Monday, 2 May 2016

Theatre review: The Toxic Avenger

In what's definitely becoming something of a Southwark Playhouse specialty, it's another kitsch American musical based on an unlikely source - this time the cult 1980s Troma horror movie by Lloyd Kaufman (who was in tonight's audience and got a shout-out from the cast,) The Toxic Avenger. Tromaville, New Jersey is the world's toxic waste capital, thanks to the corrupt Mayor (Lizzii Hills) who secretly owns the company dumping mysterious green sludge everywhere. When nerdy environmental activist Melvin Ferd the Third (Mark Anderson) finds out what she's been up to, the Mayor has her goons drown him in a vat of toxic waste. But instead of killing him it transforms him into a deformed, smelly but super-strong monster, and as The Toxic Avenger - or Toxie to his girlfriend, the blind librarian Sarah (Hannah Grover) - he goes on a violent rampage to clean up Tromaville.

Writer Joe DiPietro and composer David Bryan are the team behind Memphis, and this certainly shows a different style to their writing, although still a tuneful one.


We're in all-out campy comedy territory as Toxie pursues the sexually aggressive Sarah, who was turned off by him as Melvin but is excited by his new muscles and the fact that he's exotic (he's got a strange name and smells, so she assumes he's French.) Although in many ways a sweet show despite the carnage, The Toxic Avenger is quite overtly kinky, especially from the randy Sarah, who does more crotch-rubbing than you'll see in any musical outside of The Book of Mormon's maggot-ridden scrotum, and the conversation about what constitutes a lot of lovers was probably my favourite gag of the evening*.


The show has the kind of high production values common to Southwark's big musicals, with a five-strong band and a multi-level set from Mike Lees; but that doesn't extend to the cast, whose frantic doubling is a running joke: The whole cast numbers five, with Marc Pickering and Ashley Samuels playing dozens of roles, male and female, often with only seconds between scenes. In fact one of the most un-PC running jokes, in which the blind Sarah gets stuck on stage without her white stick and takes ages to find her way offstage, is eventually confessed to be a way of giving the others a chance to do their quick-changes. Anderson and Grover are strong-voiced and a sweet central couple, Pickering and Samuels provide the big laughs, but Hills is the show's stand-out turn as both the Mayor and her nemesis, Melvin's mother, and the Act I finale sees her duetting with herself as her two characters come to blows.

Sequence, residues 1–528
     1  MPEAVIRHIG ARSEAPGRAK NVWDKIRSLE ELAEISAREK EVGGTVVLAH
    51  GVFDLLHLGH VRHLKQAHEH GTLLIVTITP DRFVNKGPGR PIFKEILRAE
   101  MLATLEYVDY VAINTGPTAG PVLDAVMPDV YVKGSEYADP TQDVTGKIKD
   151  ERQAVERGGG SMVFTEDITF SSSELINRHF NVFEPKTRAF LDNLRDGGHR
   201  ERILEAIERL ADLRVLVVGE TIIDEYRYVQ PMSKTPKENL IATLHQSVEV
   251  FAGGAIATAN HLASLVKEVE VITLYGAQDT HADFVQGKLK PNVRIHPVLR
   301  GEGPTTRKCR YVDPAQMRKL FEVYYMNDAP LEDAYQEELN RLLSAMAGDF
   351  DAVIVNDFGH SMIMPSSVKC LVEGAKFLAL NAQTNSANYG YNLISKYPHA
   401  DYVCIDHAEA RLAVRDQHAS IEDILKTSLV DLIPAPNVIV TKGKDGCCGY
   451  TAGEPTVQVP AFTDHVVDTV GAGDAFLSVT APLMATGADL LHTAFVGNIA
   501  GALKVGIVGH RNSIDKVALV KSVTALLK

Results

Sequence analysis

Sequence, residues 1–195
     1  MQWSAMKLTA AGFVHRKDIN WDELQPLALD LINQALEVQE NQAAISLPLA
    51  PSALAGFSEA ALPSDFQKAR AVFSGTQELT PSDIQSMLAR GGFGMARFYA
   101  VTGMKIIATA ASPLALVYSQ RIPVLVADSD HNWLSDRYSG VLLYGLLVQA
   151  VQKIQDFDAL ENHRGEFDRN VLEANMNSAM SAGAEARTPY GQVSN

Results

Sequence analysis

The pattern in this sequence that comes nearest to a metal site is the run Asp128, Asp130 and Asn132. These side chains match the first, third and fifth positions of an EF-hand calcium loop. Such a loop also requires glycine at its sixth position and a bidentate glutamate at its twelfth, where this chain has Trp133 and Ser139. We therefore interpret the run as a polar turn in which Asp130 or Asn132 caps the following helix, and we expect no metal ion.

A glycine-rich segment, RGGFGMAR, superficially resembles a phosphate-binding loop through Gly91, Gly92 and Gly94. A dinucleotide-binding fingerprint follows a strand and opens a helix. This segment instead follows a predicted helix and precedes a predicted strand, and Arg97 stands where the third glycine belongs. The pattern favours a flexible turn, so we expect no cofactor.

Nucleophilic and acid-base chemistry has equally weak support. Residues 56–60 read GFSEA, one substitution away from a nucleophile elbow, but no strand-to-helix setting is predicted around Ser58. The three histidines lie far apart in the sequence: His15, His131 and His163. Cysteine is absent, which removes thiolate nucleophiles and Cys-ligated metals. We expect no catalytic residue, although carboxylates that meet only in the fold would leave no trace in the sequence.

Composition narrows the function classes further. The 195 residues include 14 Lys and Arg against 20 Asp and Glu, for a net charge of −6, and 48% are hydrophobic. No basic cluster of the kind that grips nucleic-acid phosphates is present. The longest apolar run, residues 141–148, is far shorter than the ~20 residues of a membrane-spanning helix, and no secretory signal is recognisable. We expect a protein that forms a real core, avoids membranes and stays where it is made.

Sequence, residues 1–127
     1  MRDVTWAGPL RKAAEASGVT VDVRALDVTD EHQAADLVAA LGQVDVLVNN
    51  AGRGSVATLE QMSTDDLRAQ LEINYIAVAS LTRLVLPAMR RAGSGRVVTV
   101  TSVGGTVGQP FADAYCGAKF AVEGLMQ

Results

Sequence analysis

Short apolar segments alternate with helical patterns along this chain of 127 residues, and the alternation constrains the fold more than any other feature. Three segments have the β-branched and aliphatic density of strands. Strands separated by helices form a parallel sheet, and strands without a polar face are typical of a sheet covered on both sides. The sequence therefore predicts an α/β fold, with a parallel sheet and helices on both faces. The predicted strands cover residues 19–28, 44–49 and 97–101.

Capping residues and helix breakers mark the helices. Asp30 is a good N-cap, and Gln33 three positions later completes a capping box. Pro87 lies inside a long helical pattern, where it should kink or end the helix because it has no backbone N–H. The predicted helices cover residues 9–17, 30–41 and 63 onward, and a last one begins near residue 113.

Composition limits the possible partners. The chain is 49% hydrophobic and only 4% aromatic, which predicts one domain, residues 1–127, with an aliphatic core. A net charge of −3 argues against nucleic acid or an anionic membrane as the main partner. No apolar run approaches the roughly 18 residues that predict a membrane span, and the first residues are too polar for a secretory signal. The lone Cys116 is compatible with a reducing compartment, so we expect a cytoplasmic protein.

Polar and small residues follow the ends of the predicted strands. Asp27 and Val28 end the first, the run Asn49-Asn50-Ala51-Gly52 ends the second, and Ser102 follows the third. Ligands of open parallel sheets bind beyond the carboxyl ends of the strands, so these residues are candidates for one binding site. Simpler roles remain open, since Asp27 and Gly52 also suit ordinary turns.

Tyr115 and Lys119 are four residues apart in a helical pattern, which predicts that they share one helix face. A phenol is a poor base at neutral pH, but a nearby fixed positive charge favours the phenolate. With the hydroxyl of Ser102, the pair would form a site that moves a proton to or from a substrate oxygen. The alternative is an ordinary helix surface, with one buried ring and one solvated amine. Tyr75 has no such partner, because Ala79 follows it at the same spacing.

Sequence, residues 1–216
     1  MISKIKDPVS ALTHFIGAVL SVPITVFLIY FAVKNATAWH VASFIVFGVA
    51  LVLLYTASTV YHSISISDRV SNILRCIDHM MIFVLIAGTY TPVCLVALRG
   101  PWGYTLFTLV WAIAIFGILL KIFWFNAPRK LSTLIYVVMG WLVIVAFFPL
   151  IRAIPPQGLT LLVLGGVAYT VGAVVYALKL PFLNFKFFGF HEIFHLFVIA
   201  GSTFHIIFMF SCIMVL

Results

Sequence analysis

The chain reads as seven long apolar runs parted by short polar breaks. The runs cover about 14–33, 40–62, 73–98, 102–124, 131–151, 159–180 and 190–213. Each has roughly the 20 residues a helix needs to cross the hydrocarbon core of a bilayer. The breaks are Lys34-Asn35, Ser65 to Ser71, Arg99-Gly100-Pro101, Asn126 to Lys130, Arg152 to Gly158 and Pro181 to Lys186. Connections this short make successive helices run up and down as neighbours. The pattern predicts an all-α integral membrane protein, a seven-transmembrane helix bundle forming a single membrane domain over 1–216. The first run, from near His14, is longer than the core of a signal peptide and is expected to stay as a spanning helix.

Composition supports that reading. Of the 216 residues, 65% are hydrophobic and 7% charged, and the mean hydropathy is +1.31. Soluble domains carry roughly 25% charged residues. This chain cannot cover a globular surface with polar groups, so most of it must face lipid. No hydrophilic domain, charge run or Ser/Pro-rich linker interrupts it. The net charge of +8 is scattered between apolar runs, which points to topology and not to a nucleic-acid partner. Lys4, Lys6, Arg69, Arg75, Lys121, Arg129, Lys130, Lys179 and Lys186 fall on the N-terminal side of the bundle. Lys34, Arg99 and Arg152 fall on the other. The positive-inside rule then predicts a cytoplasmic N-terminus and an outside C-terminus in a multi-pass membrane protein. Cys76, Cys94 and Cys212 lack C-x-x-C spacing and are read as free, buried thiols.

There's a certain expectation going into a musical with a title like The Toxic Avenger, of a funny and irreverent couple of hours, and neither the show itself nor Benji Sperring's production disappoint. The frantic comedy does flag a bit occasionally, but DiPietro and Bryan mix things up a bit with increasingly meta references to other schlocky musicals - Brad and Janet making an ill-advised detour through New Jersey, and an Audrey II plant on Sarah's side table. Not every moment works, but you can't fault the energy and enthusiasm that's gone into making this a very silly, entertaining evening.

The Toxic Avenger by Joe DiPietro and David Bryan, based on the film by Lloyd Kaufman, is booking until the 21st of May at Southwark Playhouse's Large Theatre.

Running time: 2 hours 20 minutes.

Photo credit: Claire Bilyard.

*"Have you slept with a lot of men?"
"I don't know, what's a lot?"
"Ten?"
"HAHAHAHAHAHAHA OK then, yes, a lot."

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